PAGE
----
The serial Ramayana had convinced my husband that at the root of all problems lies a woman. One can’t but agree with him. The innocent, gullible Dasaratha, granted three boons to his young wife who saved his life. A gallant gesture indeed and one would expect the beneficiary to go in for something dear to her heart. Instead, Kaikeyi takes a rain cheque, which no man should be foolish enough to grant.
Smoothly cashing in on her forgotten (by the king of course!) promise, Kaikeyi demands something dear to his heart. That’s the perversity of woman. The wily Manthara is another perfect example of the crooked way a woman’s mind works. She can foresee what a short sighted man wouldn’t even dream of. She uses the most deadly and persuasive arguments to win her case and teaches her mistress the right tactics to break her husband’s defenses. She advices her to throw away her jewels and go into a sulk – knowing fully well that a weeping woman, sans her glitter, can break the heart of a man; who better than a woman to practice man psychology to win a point?
Moral of the story: Never believe a woman’s tears
Then comes the next mischief-maker Shoorpanaka. What she wants, she wants to get and uses her first weapon –beauty – to woo the handsome young princes. When they scorn her, she turns her wrath on the hapless wife who is in no way responsible for the situation. The enraged demoness (if that’s what they are called) wants to get even with the men who insult her and decided to do it through a woman – by hurting her. How unfair her methods are. You can’t help being fascinated by her scheming mind and tactics. She knows her brother will not attach too much importance to her insult – so she plays a different tune – of wanting to gift a woman to her loving brother: she knows his weakness and doesn’t hesitate for a moment to exploit it for her own ends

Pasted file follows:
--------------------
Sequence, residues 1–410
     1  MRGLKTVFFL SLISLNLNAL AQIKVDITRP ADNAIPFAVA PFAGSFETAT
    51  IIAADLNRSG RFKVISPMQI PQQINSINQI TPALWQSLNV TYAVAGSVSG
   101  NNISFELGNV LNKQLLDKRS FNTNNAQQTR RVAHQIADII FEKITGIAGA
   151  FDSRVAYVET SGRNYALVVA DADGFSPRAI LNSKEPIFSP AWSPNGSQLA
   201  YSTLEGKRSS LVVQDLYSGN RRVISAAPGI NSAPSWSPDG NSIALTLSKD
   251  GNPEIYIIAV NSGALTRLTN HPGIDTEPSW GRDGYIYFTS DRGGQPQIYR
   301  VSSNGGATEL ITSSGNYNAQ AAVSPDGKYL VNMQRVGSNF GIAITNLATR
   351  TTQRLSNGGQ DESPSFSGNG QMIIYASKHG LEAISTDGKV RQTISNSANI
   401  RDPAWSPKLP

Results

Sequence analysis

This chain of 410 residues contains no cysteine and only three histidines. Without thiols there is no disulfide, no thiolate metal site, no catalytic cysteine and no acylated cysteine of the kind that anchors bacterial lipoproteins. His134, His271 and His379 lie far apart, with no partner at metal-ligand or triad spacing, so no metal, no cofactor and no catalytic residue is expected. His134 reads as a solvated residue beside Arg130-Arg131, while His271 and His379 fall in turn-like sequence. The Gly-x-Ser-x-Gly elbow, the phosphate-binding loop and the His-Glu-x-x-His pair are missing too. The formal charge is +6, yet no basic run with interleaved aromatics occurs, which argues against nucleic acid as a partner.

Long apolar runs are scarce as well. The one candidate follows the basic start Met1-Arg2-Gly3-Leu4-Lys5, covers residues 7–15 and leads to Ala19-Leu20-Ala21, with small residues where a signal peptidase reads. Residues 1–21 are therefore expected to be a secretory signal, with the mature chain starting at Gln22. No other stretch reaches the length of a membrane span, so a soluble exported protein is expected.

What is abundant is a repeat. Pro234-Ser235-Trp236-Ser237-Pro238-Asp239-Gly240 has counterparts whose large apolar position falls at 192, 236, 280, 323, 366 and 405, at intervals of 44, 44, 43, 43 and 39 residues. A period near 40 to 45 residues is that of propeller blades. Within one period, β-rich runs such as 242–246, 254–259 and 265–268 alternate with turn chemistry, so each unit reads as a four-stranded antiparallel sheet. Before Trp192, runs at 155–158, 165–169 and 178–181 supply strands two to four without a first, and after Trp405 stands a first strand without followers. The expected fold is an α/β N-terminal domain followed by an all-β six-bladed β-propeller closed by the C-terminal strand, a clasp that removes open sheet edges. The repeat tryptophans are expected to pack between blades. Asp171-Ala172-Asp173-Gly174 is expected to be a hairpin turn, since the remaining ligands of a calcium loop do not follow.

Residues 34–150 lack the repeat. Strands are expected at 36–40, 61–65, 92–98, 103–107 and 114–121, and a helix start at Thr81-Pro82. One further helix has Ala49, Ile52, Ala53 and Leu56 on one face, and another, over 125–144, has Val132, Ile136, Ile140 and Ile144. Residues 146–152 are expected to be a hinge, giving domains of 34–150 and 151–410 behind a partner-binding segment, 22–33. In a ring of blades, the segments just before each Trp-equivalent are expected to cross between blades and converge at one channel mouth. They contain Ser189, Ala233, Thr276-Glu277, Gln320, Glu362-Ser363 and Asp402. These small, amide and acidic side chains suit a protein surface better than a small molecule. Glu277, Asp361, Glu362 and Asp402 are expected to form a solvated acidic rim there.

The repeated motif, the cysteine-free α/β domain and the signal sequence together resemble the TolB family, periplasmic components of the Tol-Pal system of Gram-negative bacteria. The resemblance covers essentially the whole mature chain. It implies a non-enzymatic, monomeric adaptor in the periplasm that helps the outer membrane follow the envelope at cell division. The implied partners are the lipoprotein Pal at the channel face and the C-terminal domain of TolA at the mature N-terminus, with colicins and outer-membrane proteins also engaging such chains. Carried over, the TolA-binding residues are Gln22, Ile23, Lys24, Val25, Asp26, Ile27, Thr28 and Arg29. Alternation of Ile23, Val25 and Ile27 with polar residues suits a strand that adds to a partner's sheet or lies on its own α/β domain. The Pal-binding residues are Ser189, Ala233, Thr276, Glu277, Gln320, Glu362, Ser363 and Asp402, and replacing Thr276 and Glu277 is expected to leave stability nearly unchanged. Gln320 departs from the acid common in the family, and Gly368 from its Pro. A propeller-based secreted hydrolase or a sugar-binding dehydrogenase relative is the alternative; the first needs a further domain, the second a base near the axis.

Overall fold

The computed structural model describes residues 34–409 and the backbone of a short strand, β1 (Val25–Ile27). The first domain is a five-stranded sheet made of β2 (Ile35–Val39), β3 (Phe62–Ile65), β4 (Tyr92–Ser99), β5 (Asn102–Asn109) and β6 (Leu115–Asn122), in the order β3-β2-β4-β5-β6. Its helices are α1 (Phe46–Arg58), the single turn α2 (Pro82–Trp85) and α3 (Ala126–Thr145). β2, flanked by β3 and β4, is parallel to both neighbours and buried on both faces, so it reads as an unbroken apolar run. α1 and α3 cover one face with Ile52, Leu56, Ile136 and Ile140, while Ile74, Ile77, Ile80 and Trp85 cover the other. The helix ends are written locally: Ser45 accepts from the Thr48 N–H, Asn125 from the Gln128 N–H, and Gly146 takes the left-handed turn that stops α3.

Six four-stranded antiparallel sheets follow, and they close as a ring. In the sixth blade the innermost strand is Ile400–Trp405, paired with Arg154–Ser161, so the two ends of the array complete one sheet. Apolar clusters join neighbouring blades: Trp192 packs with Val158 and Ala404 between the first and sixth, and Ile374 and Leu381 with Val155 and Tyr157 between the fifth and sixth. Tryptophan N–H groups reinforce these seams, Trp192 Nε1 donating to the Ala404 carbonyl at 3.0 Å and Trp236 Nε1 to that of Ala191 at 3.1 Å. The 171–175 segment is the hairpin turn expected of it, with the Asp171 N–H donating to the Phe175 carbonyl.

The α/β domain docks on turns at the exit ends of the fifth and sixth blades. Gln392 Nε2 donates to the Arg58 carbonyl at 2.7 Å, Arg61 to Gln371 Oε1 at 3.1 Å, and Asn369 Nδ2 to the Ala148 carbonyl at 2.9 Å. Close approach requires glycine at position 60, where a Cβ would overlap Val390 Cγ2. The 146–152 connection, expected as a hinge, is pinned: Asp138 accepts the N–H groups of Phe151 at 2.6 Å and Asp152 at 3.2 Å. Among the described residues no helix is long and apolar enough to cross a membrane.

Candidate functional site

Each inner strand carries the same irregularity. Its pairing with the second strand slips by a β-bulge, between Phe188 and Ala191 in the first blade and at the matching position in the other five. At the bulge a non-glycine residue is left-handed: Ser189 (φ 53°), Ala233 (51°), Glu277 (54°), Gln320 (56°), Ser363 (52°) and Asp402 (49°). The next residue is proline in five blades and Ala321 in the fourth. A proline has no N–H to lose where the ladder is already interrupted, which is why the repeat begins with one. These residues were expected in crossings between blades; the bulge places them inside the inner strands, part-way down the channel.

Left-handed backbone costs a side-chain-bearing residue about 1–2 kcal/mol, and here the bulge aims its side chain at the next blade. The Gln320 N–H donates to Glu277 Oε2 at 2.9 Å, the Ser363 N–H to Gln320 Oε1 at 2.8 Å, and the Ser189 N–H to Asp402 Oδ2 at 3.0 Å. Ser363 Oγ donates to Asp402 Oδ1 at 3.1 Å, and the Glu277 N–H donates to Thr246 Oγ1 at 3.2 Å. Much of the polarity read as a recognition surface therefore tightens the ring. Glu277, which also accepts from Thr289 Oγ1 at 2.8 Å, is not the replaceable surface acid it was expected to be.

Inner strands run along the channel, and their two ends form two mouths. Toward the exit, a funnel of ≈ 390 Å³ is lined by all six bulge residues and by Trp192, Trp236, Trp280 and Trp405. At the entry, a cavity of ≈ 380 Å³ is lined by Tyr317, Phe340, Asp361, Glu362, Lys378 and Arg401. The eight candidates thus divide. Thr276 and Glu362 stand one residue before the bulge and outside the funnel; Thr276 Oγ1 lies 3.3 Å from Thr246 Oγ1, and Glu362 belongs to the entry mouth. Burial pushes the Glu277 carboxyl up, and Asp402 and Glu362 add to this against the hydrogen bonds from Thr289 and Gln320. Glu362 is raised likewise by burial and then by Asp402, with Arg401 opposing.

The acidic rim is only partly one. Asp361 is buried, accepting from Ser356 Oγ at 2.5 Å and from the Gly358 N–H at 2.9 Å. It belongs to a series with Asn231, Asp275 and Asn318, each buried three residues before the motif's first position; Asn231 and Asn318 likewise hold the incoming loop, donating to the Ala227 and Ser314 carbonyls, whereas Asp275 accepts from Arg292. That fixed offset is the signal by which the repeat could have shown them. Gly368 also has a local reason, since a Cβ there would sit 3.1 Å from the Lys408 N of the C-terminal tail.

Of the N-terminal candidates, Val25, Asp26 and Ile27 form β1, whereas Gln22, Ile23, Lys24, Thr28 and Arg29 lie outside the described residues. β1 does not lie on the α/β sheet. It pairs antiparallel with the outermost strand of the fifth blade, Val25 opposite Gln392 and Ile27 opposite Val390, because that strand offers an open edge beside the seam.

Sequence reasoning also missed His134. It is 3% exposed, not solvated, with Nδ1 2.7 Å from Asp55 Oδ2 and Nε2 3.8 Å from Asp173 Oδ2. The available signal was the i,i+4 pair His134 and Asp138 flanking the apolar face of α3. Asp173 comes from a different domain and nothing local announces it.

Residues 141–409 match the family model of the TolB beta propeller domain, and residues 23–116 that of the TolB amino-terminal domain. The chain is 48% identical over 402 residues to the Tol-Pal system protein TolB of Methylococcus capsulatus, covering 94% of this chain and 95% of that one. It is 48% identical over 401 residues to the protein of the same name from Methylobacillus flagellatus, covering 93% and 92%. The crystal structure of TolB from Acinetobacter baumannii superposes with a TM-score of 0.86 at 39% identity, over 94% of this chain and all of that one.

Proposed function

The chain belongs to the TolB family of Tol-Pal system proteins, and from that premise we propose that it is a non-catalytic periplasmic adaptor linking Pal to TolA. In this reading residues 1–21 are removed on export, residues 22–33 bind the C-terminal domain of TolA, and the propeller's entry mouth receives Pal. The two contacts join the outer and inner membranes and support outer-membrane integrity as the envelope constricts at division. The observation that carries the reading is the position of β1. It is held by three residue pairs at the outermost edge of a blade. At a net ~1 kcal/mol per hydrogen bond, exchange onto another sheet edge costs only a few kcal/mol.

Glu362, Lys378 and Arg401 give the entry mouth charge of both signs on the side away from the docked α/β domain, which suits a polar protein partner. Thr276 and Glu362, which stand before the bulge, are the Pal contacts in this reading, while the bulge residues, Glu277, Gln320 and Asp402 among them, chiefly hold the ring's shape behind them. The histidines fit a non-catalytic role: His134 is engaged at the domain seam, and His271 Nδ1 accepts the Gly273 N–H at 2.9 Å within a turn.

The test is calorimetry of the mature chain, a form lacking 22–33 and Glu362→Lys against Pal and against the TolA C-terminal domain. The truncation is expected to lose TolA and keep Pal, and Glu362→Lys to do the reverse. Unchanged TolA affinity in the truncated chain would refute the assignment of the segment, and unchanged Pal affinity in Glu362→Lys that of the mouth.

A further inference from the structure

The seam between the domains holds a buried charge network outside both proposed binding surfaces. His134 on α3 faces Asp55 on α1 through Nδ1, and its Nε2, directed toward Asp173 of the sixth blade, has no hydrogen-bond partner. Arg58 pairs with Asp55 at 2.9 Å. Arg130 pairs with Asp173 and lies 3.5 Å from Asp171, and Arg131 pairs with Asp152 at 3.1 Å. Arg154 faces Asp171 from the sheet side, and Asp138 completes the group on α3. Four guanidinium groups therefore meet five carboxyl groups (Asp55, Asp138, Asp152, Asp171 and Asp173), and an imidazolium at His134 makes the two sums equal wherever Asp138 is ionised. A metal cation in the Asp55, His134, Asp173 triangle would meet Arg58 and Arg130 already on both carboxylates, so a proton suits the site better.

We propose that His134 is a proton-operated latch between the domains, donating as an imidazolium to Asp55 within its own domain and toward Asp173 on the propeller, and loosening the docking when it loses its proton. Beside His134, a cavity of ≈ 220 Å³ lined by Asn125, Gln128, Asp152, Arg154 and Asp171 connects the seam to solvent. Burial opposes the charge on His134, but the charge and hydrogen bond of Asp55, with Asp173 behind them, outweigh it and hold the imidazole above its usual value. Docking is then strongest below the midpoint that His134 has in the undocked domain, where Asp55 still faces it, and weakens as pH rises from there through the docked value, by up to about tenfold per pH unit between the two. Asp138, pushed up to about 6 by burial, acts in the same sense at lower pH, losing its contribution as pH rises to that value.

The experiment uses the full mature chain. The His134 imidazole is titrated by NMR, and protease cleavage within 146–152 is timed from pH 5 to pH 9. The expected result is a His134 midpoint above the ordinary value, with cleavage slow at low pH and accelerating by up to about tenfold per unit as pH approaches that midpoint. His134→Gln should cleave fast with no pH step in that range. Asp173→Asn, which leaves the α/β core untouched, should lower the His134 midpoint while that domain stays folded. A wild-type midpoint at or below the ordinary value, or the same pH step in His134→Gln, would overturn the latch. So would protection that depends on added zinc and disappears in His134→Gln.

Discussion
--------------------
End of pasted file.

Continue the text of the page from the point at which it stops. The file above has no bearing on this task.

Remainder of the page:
Moral of the story: Women don’t play fair
The third facet of woman as troublemaker is Sita herself. Even in the stark pristine environs of a forest, her eyes light up at the sight of a beautiful deer. So far so good – after all, appreciating beauty is a woman’s strong point. But when she wants to acquire it at any cost, that is her weakness. Despite her brother in law’s cautious words, she insists on having the deer – dead or alive. To make matters worse, she uses the most effective argument to make her brother – in – law go to her husband’s rescue. She accuses him of cowardice and having evil designs on her. This is the trump card of a woman who wants her way with a man. She knows he will rise to her bait as he does under duress. Then comes her undoing. Her tendency to disobey. Gullible enough to be swayed by the disguised Ravana’s admonishing her lack of hospitality, she forgets her brother – in – law’s warning and steps out of the Lakshman Rekha drawn as a boundary. Naturally, she pays for her folly. In the bargain a whole lot of others and entire dynasty of demons goes up in flames.
Moral of the story: Listen to good advise even if it is from a man
‘Ramayana’ has been hailed as the story of Rama but would there be any at all, if not for the four women who made it happen!
Moral of the story: Women are not peacemakers but are warmongers!